China produced 12 percent of the world’s botnet “zombies”; as they’re called. The U.S. was second on the list with 9.5 percent – down from the top spot (and 13.1 percent) in the previous quarter. The rest of the top five: Brazil, Russia, and Germany.
It’s not necessarily the Chinese themselves who are causing the problems. Just because the attacks original from China doesn mean the people behind the attacks are Chinese or even physically in China, Gideon Lenkey, founder of protection company Ra Security, told China’s Internet is very closed off from the rest of the Internet so it’s a great position to attack from.
Other findings from the report:

  • A drop in spam: Levels dropped from a record 175 billion a day in the third quarter of 2009 to 135 billion, a 24 percent decline. Don’t get too excited – the overall historical trend still points upward, said the report. Compared with the fourth quarter of 2008, volume is up 35 percent. For the record, there were about 135.5 billion spam emails sent every day in 2009, compared with 122 billion a day in 2008 and 76.5 billion a day in 2007. The U.S. is the world leader in spam production, but Brazil and India are fast catching up.
  • Malware threats are on the rise, nearly doubling over the year. It was a transformative and evolutionary year for computer threats, the report said, with portable storage devices becoming a very popular target. This is partly because the hardware is so popular, but also because so many PCs use the Windows autorun feature – meaning no user action is required to become infected.
  • Last year saw an increase in bogus antivirus software that convinces web users their PC is infected and asks them to pay for equally bogus security software. Thanks to the growing popularity of Adobe applications, there also was a rise in attempts to exploit vulnerabilities in Flash and Acrobat reader.

Last month a report from McAfee and the Ce nter for Strategic and International Studies revealed a growing threat of cyberattack, with widespread attacks on critical systems.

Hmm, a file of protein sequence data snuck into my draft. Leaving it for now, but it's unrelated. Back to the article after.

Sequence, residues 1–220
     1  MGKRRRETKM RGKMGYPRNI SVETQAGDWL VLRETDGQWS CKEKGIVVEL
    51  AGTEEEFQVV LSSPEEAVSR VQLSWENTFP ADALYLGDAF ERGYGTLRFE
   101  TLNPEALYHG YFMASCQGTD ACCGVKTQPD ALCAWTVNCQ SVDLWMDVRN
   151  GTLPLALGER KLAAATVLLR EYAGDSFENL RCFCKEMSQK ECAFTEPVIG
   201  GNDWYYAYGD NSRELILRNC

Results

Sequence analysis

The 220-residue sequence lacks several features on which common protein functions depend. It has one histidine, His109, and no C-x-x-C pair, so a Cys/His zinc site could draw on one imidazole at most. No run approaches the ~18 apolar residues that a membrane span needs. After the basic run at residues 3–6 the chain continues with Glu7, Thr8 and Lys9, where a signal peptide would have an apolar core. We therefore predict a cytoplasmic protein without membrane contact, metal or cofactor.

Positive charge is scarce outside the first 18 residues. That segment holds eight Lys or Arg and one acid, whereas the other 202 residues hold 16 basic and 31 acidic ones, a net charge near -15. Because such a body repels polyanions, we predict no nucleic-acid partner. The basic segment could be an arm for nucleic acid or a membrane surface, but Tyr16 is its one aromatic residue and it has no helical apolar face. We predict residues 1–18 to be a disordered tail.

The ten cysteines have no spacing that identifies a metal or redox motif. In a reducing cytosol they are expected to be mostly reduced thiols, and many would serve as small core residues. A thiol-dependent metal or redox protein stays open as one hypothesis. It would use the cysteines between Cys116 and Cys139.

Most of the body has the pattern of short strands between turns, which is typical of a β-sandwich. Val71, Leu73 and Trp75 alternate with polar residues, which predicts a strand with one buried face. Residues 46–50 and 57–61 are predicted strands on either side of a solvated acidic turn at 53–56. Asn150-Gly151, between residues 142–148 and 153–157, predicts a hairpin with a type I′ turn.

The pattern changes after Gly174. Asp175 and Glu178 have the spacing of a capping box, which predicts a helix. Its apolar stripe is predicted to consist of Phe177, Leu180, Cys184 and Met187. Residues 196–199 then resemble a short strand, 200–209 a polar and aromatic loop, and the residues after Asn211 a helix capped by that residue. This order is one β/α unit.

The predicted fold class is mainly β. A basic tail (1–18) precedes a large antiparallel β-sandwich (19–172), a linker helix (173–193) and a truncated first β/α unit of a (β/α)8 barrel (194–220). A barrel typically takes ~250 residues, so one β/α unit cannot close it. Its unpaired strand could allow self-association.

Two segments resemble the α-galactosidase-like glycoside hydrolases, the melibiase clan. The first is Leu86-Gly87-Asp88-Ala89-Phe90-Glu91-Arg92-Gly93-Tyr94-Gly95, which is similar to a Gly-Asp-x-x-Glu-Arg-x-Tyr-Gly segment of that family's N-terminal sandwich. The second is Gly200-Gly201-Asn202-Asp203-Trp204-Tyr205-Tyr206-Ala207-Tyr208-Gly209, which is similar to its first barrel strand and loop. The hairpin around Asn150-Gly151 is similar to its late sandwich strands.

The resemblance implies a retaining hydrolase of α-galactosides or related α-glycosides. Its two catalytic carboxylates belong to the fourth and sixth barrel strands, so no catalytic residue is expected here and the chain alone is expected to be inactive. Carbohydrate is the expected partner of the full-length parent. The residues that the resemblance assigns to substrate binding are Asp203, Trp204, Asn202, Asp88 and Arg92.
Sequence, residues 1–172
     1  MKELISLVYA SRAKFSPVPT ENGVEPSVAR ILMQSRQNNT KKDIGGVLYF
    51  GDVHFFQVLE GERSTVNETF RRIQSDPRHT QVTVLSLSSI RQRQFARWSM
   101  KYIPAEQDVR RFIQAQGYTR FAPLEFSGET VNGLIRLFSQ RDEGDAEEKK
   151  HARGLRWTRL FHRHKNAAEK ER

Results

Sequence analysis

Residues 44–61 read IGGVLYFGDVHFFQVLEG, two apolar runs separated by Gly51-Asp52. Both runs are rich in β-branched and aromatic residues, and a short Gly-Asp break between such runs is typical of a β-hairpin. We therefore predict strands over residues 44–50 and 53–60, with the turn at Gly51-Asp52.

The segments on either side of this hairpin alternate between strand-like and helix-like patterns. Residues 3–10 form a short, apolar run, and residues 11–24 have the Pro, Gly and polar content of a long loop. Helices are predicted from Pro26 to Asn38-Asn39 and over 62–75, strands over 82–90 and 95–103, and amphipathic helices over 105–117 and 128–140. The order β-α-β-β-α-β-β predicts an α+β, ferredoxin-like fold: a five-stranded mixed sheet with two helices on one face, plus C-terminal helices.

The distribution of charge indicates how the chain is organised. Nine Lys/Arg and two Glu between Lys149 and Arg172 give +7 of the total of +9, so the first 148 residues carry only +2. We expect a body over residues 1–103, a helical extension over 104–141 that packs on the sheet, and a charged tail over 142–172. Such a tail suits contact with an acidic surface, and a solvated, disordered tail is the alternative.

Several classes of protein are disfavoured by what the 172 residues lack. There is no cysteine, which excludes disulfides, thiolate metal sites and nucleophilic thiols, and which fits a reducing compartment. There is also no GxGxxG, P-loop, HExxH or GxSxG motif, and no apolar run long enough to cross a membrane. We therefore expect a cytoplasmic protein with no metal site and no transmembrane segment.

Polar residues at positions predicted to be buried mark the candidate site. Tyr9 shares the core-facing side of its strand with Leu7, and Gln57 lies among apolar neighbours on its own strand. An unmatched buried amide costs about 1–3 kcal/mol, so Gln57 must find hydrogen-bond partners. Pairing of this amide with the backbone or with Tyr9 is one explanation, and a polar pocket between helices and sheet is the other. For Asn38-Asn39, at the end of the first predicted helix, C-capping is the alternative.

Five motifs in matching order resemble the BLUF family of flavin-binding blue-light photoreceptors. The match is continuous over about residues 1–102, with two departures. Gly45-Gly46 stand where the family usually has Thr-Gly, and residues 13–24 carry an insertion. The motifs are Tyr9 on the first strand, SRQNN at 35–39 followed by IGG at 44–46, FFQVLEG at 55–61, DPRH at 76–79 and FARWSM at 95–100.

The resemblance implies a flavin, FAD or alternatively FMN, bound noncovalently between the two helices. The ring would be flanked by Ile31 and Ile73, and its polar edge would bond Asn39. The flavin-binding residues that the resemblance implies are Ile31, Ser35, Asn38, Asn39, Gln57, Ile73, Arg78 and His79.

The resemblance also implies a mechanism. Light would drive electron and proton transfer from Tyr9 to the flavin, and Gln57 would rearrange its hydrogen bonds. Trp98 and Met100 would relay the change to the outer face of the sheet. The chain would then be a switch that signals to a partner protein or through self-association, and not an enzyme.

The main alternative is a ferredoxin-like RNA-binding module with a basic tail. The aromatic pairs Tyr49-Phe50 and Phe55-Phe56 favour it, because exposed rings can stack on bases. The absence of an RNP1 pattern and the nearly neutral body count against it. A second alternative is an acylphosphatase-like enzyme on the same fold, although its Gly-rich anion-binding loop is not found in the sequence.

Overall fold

CPA Advertising as an Advertiser and Publisher

CPA Advertising as an Advertiser and Publisher

The final method of advertising for both a publisher and an advertiser is CPC advertising. CPA advertising stands for Cost for Action. So, if a person commits the action necessary, such as buying a product, the publisher gets a chunk of change and the advertiser gets profit for the sale of their item. In the past two years, it has exploded as a favorite method in which people earn money on their website. They like the idea of selling someone else’s product to earn a large amount of money. It pays the most for a publisher and the advertiser can sell more products. Here’s more information on each part.
What your hope is, when you’re an advertiser, is to try and sell more of your product. It works like this. You could either invest a whole bunch of money investing in advertising (CPM or CPC) for your product and then hope that people turn around and buy it from you. Or, you can just put the product out there on the web, don’t invest any money yourself, take a little less profit (because you have to pay commission) and then let everyone that is selling your ads do the advertising. You get the power of a lot of people trying to sell your stuff instead of only one person trying to sell your stuff. The downfall is you lose out on some profits, but that doesn’t mean you shouldn’t do it. You should. If you have a product to sell…DO CPA.
Yes. Use it. Use it and love it. If you run a website that is all about exercise and this company comes along and says, “We want you to sell our sneakers on your site.” Now it is your job to take those sneakers and, if you want to, endorse them and try to sell them. When doing CPA on you site, the readers expect that what you’re selling is good. If you sell too many products, they’ll get frustrated and leave. In this case, you can say some great things about the sneakers and if your already loyal visitors buy them, you’ll make a hefty chunk of change. CPA advertising pays the most, but that’s because it produces the fewest results in comparison to CPC and CPM.
CPA advertising has grown into a multimillion dollar business. There are people on the web that spend ten thousand dollars a day on CPC advertising so they can market someone else’s product. Then, they walk away making even more than the ten thousand they spent (obviously). The business is lucrative, but it’s obviously profitable. Affiliate companies keep popping up everywhere!